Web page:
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Andrei Rublev
Andrei Rublev (Russian: Андре́й Рублёв, IPA: [ɐnˈdrʲej rʊˈblʲɵf], also transliterated as Andrey Rublyov); Born in the 1360s, he died between 1427-1430

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For the 1966 Russian film, see The Passion According to Andrei. For the 1969 Russian film, see Andrei Rublev (film). For Russian tennis player, see Andrey Rublev (tennis). St. Andrei Rublevanniversary stamp in 1961Venerable Father (Prepodobne)Born1360–1370Diedbetween 1427-1430
Andronikov Monastery, MoscowVenerated inEastern Orthodox Church
Anglican CommunionCanonized6 June 1988, Trinity-St. Sergius Lavra by 1988 Local Council of the Russian Orthodox ChurchFeast29 January, 4 JulyAttributesClothed as an Orthodox monk, often shown holding an icon Rublev's famous icon of the Trinity.

Andrei Rublev (Russian: Андре́й Рублёв, IPA: , also transliterated as Andrey Rublyov);[1] Born in the 1360s, he died between 1427-1430[2] in Moscow and is considered to be one of the greatest medieval Russian painters of Orthodox icons and frescos.

Contents Early life

Little information survives about his life; even where he was born is unknown. He probably lived in the Trinity-St. Sergius Lavra, near Moscow, under Nikon of Radonezh, who became hegumen after the death of Sergii Radonezhsky in 1392. The first mention of Rublev is in 1405, when he decorated icons and frescos for the Cathedral of the Annunciation of the Moscow Kremlin, in company with Theophanes the Greek and Prokhor of Gorodets. His name was the last of the list of masters, as the junior both by rank and by age. Theophanes was an important Byzantine master, who moved to Russia and is considered to have trained Rublev.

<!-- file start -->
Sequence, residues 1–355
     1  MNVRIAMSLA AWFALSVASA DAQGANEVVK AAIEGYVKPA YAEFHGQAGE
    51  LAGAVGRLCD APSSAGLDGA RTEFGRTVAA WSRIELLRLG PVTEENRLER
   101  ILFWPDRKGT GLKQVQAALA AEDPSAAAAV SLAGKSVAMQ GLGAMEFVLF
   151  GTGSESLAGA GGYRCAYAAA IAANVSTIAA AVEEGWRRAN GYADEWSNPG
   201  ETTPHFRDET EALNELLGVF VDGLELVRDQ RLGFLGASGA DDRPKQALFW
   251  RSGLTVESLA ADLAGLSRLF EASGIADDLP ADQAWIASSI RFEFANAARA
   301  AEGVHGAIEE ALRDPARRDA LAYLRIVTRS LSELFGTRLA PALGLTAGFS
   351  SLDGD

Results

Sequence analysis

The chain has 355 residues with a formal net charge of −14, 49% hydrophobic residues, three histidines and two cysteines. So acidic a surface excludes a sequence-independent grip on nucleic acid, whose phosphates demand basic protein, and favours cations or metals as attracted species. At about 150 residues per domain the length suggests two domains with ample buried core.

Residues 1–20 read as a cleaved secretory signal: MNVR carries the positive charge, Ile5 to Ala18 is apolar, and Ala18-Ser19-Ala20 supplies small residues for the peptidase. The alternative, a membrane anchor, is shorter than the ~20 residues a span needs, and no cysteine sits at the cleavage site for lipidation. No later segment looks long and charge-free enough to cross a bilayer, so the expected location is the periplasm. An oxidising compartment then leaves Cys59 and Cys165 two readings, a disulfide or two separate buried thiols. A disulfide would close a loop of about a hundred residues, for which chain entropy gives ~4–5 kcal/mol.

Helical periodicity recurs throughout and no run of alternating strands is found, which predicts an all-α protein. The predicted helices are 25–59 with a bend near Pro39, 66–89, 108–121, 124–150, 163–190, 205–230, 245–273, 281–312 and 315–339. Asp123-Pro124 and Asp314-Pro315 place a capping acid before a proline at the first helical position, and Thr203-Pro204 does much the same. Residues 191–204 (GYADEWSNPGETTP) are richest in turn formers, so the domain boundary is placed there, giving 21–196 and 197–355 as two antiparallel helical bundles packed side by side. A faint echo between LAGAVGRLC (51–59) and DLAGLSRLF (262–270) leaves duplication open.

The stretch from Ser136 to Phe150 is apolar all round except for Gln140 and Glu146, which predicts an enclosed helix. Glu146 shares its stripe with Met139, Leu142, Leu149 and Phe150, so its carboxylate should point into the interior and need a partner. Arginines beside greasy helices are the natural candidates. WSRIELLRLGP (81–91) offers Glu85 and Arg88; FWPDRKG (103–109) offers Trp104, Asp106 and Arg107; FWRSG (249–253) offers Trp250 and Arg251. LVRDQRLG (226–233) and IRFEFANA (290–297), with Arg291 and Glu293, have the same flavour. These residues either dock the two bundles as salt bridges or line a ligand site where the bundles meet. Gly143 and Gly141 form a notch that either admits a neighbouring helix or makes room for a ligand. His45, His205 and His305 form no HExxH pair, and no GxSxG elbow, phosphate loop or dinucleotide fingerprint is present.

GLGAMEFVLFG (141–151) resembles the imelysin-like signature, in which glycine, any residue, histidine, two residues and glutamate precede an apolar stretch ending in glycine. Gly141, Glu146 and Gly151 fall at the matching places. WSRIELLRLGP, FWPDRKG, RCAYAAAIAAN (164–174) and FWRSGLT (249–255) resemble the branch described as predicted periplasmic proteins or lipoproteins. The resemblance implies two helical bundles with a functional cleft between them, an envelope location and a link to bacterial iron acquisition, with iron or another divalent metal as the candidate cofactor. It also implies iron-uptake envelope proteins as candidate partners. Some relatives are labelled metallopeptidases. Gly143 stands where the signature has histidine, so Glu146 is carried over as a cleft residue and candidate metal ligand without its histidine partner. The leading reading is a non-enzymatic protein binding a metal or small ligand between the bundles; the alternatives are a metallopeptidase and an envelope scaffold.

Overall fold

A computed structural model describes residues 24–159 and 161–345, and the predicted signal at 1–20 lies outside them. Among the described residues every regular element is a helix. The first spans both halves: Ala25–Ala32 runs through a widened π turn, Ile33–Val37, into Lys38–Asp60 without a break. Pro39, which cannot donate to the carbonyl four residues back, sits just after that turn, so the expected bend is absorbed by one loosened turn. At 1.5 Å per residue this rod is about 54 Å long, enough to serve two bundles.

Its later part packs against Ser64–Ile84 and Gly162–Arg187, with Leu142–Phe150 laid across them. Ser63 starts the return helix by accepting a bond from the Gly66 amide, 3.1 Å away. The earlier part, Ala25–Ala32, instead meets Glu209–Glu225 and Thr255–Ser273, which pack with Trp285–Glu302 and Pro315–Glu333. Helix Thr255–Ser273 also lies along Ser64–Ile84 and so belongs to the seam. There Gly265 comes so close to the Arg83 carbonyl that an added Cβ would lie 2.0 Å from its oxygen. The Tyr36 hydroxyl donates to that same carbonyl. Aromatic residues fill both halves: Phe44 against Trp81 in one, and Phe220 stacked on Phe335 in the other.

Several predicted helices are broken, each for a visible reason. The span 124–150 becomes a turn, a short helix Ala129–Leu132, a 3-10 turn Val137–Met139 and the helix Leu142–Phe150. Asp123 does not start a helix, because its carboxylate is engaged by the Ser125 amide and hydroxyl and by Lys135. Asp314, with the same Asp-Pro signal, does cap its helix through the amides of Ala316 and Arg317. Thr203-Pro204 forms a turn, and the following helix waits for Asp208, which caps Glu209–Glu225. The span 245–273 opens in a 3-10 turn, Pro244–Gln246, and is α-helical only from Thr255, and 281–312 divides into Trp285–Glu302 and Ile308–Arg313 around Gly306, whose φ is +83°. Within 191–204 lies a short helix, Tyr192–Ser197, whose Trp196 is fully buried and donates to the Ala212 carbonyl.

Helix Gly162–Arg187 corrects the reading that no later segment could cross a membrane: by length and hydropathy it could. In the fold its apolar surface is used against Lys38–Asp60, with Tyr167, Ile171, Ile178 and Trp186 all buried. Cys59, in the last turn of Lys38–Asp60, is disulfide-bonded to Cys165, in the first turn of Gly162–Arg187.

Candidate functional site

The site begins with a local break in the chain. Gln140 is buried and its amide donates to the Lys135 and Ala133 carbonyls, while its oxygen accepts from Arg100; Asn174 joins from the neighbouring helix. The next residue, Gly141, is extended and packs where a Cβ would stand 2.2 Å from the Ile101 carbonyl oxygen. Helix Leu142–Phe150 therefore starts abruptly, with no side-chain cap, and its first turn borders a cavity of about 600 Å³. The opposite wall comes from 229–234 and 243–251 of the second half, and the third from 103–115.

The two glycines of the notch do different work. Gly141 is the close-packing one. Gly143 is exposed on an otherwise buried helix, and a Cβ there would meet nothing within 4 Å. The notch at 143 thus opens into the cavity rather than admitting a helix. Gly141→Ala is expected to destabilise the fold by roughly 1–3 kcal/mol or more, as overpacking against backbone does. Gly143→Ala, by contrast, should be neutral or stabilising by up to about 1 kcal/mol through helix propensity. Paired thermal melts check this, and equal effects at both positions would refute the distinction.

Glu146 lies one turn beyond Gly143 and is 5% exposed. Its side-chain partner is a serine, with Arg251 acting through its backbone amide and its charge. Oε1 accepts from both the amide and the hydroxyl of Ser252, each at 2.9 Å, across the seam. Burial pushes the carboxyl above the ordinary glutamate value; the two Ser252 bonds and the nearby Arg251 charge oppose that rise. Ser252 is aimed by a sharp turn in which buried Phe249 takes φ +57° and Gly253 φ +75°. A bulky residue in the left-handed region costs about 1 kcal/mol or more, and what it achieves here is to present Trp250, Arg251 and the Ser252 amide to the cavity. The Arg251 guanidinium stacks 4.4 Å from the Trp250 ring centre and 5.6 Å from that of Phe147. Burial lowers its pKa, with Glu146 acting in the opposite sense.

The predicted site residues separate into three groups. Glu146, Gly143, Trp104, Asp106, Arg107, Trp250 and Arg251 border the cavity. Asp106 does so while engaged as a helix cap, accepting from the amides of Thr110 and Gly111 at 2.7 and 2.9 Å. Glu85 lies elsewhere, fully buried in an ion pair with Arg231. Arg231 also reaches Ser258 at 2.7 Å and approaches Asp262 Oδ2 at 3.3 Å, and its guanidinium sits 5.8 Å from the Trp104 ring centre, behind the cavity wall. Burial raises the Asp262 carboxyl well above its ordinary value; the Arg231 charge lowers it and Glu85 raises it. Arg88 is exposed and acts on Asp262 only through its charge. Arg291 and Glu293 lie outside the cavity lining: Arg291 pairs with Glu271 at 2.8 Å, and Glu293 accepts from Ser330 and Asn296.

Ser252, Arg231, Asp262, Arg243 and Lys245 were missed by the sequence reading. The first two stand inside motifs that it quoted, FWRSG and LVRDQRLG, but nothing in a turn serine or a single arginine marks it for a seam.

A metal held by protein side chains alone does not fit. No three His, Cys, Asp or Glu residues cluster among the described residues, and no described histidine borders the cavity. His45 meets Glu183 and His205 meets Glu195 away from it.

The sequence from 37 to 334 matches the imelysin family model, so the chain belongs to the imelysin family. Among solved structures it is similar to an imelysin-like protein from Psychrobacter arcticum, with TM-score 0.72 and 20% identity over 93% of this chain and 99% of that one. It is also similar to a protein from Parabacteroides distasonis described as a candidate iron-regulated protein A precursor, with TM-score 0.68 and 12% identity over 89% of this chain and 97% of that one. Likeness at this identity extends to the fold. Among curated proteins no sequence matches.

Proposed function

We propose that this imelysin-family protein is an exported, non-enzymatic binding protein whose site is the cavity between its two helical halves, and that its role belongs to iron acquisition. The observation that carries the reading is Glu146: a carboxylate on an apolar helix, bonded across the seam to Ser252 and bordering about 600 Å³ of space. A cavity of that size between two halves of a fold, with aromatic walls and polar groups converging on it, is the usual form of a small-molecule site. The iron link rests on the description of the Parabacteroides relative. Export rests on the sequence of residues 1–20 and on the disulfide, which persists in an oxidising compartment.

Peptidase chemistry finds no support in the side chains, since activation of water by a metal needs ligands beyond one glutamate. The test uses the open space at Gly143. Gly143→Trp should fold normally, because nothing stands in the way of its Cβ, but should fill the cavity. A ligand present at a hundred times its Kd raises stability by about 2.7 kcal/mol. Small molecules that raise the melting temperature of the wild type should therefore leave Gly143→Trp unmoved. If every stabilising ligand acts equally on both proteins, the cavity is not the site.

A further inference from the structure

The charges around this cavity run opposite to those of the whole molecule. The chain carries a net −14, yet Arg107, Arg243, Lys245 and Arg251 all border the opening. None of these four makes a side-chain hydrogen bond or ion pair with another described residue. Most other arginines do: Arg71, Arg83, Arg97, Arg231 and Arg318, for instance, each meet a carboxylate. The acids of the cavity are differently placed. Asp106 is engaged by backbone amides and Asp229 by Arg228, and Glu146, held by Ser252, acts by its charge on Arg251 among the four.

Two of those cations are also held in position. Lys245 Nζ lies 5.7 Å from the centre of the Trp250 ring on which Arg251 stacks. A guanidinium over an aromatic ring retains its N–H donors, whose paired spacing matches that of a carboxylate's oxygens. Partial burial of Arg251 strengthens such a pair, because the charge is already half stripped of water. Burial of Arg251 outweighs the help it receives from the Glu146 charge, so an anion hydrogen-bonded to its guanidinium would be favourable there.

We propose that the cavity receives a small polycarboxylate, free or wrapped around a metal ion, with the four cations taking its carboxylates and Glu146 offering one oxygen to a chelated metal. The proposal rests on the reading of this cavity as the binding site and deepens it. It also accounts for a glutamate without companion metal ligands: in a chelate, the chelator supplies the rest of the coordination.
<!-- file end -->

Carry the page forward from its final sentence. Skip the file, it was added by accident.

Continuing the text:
Career

Chronicles tell us that together with Daniil Cherni he painted the Assumption Cathedral in Vladimir in 1408 as well as the Trinity Cathedral in the Trinity Lavra of St. Sergius between 1425 and 1427. After Daniil's death, Andrei came to Moscow's Andronikov Monastery where he painted his last work, the frescoes of the Saviour Cathedral. He is also believed to have painted at least one of the miniatures in the Khitrovo Gospels.